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Ask Sherry: Thoughts on Montessori and my relationship with in-laws and my family

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Why do you have so many 3rd party trackers on your site?

I did not know I did!

What are third party trackers? :-S

I have no idea how this stuff works, all I do is just try not to break it. :-/

Hi Sherry, you alluded previously to the tense relationship you’ve had with your father in the past.

Very tense. He screamed at me before he knew I was pregnant, basically did not want me in his house, and was not happy to have me around because I was meddling in their finances and trying to get my mother to pay attention to the money she was making and giving away to him for what exactly?

He was not happy I was messing with the dynamic but I have a very strong sense of equality and fairness, and my mother was not being treated well in terms of money, considering she made 100% of the money.

Once he realized I was 6 weeks along, he sort of backed off and I think at that point, he realized what he had done in terms of ruining our relationship.

We did not speak for years. About 3.


It was my baby boy that brought us back together because my father wanted to see his grandson, and he came up one year to visit when Baby Bun was 3, convinced by my mother to make peace, and from there, we have slowly been rebuilding the relationship.

It is still not like it was before. I do however, feel a lot more latitude in saying how I feel and being clear that I won’t handle any BS.

How are you able (mentally/emotionally) to spend the summer with him and your mother?

I focus on my mother.

I don’t necessarily avoid him, but I just try to let the past go. What was said and done in the heat of the moment is over, and done with. No point in dwelling in the past.

Plus, my mother is way more money-minded now, and that is the only goal I had when I started asking her to ASK about the budget and get real about her money.

We still have issues with him complaining about us being here and using more water, electricity, etc. All the bills he has to “pay” (out of the money my mother gives him, HUGE EYE ROLL), and it is this penny pinching attitude with money that IS NOT HIS, that really irks me.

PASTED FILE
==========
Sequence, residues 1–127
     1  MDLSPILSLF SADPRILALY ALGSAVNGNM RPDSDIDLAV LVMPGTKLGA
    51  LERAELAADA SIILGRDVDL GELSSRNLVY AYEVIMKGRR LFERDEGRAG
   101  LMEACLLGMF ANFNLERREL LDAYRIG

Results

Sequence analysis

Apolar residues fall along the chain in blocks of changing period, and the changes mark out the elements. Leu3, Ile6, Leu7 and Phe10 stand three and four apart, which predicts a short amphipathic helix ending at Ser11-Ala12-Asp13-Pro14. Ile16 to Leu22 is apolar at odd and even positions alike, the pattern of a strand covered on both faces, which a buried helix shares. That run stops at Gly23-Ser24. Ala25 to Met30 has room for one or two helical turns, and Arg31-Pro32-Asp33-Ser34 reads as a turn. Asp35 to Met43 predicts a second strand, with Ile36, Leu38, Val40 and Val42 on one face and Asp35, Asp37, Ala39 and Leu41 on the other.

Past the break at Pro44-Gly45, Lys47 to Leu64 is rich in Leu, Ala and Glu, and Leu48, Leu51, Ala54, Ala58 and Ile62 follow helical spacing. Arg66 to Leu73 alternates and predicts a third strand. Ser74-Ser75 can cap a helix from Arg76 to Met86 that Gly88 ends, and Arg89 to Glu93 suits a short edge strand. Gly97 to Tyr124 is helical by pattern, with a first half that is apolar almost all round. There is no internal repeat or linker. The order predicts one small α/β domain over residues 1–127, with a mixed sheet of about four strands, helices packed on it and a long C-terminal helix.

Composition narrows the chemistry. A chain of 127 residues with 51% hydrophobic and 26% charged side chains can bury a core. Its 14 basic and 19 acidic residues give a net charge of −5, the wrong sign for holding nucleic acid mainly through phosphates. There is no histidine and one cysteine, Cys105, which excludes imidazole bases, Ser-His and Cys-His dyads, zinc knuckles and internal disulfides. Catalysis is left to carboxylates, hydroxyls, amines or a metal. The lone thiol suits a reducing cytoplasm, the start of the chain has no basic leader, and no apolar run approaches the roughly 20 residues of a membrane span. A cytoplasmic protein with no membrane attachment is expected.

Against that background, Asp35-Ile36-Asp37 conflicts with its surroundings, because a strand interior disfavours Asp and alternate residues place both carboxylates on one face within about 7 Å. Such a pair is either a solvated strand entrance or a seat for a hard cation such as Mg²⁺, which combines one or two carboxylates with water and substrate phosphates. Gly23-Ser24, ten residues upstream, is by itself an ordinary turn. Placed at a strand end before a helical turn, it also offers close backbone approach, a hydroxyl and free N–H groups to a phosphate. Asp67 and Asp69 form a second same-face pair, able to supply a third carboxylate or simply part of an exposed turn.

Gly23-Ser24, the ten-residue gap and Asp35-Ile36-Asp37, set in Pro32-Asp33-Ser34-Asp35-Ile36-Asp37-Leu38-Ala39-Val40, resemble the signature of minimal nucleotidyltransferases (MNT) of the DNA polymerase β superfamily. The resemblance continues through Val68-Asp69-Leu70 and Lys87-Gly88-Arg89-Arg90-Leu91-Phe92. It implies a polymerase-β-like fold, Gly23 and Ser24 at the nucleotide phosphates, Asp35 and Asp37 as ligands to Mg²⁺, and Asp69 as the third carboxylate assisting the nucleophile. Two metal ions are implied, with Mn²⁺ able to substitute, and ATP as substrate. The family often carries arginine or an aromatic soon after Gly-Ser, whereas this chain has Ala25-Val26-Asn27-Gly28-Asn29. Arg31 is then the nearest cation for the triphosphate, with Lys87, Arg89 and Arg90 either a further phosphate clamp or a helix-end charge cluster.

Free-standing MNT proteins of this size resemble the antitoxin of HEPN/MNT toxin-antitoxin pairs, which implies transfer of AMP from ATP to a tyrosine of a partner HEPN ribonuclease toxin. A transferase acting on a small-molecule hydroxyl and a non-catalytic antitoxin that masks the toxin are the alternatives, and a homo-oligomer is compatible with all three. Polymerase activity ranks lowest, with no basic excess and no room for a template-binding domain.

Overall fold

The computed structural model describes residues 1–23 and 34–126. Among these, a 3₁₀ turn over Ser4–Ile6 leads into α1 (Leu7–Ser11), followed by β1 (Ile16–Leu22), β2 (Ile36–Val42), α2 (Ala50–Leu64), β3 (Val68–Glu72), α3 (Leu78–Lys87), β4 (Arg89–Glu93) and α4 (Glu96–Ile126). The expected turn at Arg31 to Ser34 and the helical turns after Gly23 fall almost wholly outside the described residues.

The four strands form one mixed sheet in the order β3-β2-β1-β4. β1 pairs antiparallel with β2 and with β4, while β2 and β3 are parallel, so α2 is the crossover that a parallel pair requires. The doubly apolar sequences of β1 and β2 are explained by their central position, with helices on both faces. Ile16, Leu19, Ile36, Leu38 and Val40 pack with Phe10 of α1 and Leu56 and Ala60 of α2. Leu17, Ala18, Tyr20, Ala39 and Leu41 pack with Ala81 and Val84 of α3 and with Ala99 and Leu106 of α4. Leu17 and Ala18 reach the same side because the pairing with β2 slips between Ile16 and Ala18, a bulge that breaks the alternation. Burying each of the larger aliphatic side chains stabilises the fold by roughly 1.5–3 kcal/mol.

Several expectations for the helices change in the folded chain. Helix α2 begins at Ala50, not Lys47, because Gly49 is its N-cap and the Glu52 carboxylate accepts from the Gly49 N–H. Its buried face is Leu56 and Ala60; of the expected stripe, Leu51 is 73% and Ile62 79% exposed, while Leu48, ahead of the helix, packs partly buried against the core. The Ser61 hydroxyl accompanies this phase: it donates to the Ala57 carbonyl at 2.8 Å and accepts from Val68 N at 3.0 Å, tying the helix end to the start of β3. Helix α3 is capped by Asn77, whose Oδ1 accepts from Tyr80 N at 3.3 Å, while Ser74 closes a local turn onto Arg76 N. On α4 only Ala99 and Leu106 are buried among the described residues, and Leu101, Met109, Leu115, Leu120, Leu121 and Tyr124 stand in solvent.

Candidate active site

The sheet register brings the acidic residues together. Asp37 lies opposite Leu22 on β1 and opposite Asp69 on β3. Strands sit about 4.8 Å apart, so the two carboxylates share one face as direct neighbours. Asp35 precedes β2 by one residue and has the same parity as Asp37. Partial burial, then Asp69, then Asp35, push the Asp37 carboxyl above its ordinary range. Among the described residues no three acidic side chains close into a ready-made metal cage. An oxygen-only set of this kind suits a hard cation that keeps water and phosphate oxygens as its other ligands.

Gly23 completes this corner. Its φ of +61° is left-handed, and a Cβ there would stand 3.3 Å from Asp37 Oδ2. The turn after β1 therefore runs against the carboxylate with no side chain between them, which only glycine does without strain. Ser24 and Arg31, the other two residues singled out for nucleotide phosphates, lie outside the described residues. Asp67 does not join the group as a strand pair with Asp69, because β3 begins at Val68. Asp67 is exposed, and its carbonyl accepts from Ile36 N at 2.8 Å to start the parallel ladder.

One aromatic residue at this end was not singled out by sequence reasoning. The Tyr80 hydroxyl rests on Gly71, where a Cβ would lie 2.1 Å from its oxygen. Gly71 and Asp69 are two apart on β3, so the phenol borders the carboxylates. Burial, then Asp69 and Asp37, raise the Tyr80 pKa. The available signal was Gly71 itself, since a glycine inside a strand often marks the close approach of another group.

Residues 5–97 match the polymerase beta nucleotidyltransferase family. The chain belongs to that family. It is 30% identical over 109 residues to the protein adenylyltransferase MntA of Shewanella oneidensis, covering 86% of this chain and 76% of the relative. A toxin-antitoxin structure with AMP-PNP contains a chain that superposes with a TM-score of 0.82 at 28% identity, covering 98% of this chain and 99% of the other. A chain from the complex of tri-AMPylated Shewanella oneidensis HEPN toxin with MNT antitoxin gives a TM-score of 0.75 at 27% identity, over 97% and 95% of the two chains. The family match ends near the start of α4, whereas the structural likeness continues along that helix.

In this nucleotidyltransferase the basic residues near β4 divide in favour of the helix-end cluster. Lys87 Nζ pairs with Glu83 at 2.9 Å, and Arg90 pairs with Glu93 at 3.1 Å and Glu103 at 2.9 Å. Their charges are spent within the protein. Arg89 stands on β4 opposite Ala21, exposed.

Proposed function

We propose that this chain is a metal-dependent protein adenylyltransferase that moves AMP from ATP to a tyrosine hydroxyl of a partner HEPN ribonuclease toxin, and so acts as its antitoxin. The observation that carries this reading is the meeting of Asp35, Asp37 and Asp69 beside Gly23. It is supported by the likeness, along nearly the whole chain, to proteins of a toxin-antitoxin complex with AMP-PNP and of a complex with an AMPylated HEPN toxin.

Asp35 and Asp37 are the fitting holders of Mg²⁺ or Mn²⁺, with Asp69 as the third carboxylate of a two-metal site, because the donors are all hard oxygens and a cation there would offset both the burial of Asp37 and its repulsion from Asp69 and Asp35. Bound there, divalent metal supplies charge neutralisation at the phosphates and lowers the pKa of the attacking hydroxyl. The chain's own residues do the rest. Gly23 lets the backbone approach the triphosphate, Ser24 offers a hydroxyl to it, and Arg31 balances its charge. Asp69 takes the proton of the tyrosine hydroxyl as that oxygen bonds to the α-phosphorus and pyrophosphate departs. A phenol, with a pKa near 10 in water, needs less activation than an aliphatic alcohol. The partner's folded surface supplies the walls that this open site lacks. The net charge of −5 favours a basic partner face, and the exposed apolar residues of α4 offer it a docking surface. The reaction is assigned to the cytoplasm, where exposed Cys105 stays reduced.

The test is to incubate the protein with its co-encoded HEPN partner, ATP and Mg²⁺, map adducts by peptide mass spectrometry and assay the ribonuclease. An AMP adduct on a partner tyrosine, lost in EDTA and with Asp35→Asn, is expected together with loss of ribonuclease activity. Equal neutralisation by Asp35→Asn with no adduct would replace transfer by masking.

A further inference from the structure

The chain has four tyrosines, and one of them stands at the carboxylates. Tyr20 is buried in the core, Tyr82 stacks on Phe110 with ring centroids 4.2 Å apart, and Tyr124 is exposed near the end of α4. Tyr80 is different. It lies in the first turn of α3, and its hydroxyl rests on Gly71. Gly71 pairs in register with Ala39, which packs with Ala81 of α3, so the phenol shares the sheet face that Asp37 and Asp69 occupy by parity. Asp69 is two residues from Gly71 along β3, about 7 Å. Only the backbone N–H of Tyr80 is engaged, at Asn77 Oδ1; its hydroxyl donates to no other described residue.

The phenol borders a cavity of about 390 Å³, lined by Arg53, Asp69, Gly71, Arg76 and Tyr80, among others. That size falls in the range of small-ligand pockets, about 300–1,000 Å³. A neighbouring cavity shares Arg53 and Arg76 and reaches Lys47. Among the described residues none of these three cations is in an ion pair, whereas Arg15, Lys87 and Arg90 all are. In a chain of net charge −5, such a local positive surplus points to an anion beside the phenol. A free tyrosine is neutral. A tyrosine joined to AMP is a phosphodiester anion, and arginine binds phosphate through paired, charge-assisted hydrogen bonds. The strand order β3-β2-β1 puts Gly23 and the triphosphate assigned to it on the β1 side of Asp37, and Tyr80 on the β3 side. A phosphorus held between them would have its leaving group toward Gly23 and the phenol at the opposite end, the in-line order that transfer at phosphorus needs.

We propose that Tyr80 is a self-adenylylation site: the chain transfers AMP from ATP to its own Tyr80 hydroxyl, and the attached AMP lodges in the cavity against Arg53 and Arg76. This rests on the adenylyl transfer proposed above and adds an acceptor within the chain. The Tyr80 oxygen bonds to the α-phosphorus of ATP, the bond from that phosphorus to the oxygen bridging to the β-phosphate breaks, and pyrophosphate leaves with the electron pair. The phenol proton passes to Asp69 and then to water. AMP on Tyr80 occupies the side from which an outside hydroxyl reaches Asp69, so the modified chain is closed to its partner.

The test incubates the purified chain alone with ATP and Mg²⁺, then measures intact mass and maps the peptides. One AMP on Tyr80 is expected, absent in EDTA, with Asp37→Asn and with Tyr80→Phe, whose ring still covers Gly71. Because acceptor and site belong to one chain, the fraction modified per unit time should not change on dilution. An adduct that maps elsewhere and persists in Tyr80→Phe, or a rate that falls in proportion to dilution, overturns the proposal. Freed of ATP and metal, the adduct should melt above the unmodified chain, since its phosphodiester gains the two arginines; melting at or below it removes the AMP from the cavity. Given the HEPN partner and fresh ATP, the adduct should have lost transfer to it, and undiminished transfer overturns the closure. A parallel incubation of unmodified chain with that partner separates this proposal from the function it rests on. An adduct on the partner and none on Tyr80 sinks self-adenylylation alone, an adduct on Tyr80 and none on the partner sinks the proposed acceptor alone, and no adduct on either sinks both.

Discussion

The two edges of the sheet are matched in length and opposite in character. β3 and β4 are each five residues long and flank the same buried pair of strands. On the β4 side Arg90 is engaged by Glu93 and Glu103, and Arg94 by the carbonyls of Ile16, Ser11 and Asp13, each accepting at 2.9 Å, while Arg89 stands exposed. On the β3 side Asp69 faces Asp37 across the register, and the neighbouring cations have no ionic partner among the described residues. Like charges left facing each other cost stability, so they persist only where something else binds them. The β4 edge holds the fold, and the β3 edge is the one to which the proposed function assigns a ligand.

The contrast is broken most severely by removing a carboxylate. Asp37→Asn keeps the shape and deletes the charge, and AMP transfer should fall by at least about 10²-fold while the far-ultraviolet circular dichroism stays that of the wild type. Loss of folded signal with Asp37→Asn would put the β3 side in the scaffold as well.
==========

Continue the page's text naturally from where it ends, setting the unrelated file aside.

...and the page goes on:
I have to sometimes leave the house and calm down. Or rant to my partner who totally gets it.

Are you using any coping mechanisms?

Lots of cake.

My son. I just focus on other things, to be honest. I go out a lot too.

My partner also gets it, so when I rant to him, he understands. He is under no illusions that my father is hardworking and a good person. He knows my mother is the key to this whole house of cards.

Also, what’s the dynamic between your family and your partner?

My family loves my partner.

They know he is a picky, difficult, perfectionist, and my mother had him pegged when she said that she expected he would want Little Bun to be THE perfect Little Boy, and she was right. He had a lot of high expectations and she knew it would be difficult with him as a father in that respect, although my partner is an amazing father and very loving, he is definitely a Helicopter Parent.

She understands completely.

She knows his character and mine (I am not perfect, I am fragile like a bomb), and she is cool enough to back off and let us do our thing when she knows it is tricky or a minefield (e.g. food, especially processed food being fed or offered to Little Bun is not allowed.)

My mother loves loves loves him. She loves that he cooks, he helps out, he trades recipes with her, he gets along with her.

My father also loves him, they talk about what is on TV, etc.

My partner however, is always on my side. He has my back, and in private, we both know the faults of each parent and the weird dynamic.

He had sworn 6 years ago when this all happened to never reconcile with my father for the way he treated me and us as his family, and he has loosened since then, as I have.

Is it as difficult between him and your family as it is with you and his family?

No. My family is far easier to be with for him, than it is for me with his family.

His family sees me as lazy, unhelpful, etc. All the things I am not. I even mentioned this to a few friends to get a perspective to see if I was lazy, and they all concurred that I was a GUEST in the home, and not really expected to clean and do all of the household chores.

Had they asked, I would have gladly helped.

They didn’t ask, I don’t know their family dynamic or rhythm, I have not seen them more than once a year at best, so all of this equals out to me being very confused and hurt by their treatment.

My partner is again on my side, and he sees what I am saying. He is also under NO ILLUSIONS that his family is perfect. He does see that they penalize me quite unfairly compared to the others, and I am puzzled at why I, as a woman, am being asked to do all of these traditional tasks I know nothing of.